Designs are constantly evolving and improving. The most ideal non-entangling FAD is also a biodegradable one, built with materials that are less likely to cause ecological damage. The materials used to build traditional FADs tend to be long-lasting and inorganic: nylon mesh, fishing nets and PVC pipes, which contribute to marine debris, reef damage and ocean pollution when they sink, disperse or wash ashore. Using ropes or cotton canvas instead of netting can reduce entanglement, and biodegradable materials like balsa wood instead of plastic PVC piping can prevent plastic marine pollution.
A summary of recommendations for FAD designs from the International Seafood Sustainability Foundation (ISSF).
It’s important to note that research on biodegradable FADs is ongoing; this is not a call for WCPFC to adopt their use immediately or as urgently as non-entangling ones. But biodegradable designs are the next-and-near frontier in FAD design innovation—something we are working hard on with a diverse set of stakeholders, including industry, scientists, and fishers. Given their pollution-preventing potential, biodegradable FADs also are supported by the Common Oceans ABNJ Tuna Project, sponsored by the Global Environment Facility (GEF), and the Food and Agriculture Organization of the United Nations (FAO), the European Union and others like the International Pole and Line Foundation, with whom ISSF is working on pilot projects. Rest assured, we’ll be calling for the adoption of biodegradable FAD measures, too, at WCFPC and every tuna RFMO in the very near future.
Action on a Widely Accepted Innovation
Our research about the feasibility, effectiveness and the need for widespread adoption of these new designs is extensive and supports the idea that an out-with-the-old, in-with-the-new position should be taken in all fisheries. Based on the research, non-entangling FADs are the best method we have for reducing entanglement or “ghost fishing”. And our research and consultation with numerous fleets and vessel captains around the world indicates that using these designs does not reduce how much tuna is aggregated beneath a FAD.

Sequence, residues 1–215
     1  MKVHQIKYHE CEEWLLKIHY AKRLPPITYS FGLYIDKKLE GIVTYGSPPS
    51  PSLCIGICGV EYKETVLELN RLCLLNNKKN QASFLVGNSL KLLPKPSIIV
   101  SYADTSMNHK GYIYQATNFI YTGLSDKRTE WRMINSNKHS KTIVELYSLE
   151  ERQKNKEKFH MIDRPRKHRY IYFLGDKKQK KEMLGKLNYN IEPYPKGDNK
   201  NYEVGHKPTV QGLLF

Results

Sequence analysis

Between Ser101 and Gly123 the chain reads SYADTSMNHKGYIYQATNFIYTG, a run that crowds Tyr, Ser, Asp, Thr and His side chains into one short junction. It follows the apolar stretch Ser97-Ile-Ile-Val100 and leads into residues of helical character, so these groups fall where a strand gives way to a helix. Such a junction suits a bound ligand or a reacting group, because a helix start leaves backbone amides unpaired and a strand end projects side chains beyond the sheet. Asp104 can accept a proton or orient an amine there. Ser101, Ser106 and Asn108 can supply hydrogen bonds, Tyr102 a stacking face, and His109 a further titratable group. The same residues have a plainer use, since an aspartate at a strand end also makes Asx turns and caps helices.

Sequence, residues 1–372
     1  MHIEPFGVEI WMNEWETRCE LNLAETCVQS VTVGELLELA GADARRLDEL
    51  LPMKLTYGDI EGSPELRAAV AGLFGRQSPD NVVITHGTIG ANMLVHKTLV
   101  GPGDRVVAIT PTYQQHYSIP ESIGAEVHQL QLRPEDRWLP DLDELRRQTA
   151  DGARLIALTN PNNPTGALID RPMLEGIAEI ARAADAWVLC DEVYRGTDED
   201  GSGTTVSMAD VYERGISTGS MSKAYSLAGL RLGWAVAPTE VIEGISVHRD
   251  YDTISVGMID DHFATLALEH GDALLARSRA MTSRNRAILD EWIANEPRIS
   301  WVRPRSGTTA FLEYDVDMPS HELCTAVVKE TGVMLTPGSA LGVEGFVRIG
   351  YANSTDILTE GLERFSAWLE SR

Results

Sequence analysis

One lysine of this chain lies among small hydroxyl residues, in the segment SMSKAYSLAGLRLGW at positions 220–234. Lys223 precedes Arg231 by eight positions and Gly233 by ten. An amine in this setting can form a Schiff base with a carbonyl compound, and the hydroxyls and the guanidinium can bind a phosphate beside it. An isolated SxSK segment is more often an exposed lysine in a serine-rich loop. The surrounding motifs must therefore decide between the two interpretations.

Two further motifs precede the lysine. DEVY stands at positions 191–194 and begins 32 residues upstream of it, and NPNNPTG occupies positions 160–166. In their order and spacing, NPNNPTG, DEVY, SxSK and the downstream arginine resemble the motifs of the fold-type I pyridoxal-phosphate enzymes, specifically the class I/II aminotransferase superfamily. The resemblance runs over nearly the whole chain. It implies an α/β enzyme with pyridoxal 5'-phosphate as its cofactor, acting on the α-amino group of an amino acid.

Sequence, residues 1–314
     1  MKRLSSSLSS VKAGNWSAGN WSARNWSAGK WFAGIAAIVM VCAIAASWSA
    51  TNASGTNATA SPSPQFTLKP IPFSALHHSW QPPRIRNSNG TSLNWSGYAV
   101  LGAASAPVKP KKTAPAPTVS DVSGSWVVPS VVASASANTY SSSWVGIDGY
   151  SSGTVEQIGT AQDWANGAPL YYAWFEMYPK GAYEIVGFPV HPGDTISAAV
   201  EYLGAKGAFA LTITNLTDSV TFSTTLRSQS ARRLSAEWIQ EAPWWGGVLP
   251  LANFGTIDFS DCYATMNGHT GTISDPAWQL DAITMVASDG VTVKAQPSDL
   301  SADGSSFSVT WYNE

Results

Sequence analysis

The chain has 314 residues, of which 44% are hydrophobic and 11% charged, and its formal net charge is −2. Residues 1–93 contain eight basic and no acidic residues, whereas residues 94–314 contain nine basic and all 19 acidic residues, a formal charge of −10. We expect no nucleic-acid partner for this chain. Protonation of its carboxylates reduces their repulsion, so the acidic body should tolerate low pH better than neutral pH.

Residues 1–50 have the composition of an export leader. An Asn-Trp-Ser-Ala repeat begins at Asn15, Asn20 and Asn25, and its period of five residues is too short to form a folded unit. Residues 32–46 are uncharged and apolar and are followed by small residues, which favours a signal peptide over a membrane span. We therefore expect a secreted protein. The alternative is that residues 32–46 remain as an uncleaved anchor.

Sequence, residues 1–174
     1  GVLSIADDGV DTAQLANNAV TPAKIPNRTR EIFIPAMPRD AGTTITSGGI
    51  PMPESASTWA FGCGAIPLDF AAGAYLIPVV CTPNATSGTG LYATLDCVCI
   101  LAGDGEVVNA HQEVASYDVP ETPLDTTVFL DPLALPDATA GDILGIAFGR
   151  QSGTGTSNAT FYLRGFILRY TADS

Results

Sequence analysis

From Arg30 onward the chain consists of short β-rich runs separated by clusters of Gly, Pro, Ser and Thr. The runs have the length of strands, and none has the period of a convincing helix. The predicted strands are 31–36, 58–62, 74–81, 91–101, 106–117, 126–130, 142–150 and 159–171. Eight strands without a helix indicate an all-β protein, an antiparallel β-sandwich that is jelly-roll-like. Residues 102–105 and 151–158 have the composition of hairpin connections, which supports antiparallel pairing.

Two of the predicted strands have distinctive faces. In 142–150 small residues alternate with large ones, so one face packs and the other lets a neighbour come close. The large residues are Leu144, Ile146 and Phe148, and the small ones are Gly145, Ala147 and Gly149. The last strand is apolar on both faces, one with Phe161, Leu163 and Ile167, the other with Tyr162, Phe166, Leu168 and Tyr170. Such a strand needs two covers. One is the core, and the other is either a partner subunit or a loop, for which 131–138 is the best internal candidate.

In fact, a growing number of fleets are already on board with the concept of non-entangling FADs. Skippers Workshops organised all over the world by ISSF have also shown that fishers, ship owners and skippers are not only not resistant to using non-entangling designs—they are already using them.
This chart shows the growing acceptance to use of non-entangling FADs among tuna fishing fleets.
We talked with fishers in nearly all major tuna purse-seine fleets, and based on their positive or negative comments, recorded an average acceptance level. The response to the use of non-entangling FADs in most recent surveys has been encouraging, to say the least.
The WCPFC is the biggest tuna fisheries management organisation in the world, and requiring the fleets of member nations to transition to non-entangling FAD designs would have far-reaching, positive impacts for the region. The Commission’s meeting this week is a perfect opportunity to do the right thing for the marine life and ecosystems upon which so many industries and coastal communities depend.
Dr. Gala Moreno’s research focuses on the effects of fish aggregating devices (FADs) on tuna and their ecosystems, and on discovering ways to reduce FAD impacts. She has worked with purse-seine fishers from the Indian, Atlantic and Pacific Oceans, absorbing their knowledge of tuna behavior and fishing strategies, for almost 20 years.
Claire van der Geest helps guide ISSF policy engagement in the Pacific and Indian Ocean regions. A marine ecologist and international development practitioner with almost 20 years’ experience, she is focused on fisheries policy and development of best practices, particularly related to minimising the impact of fishing on the marine ecosystem.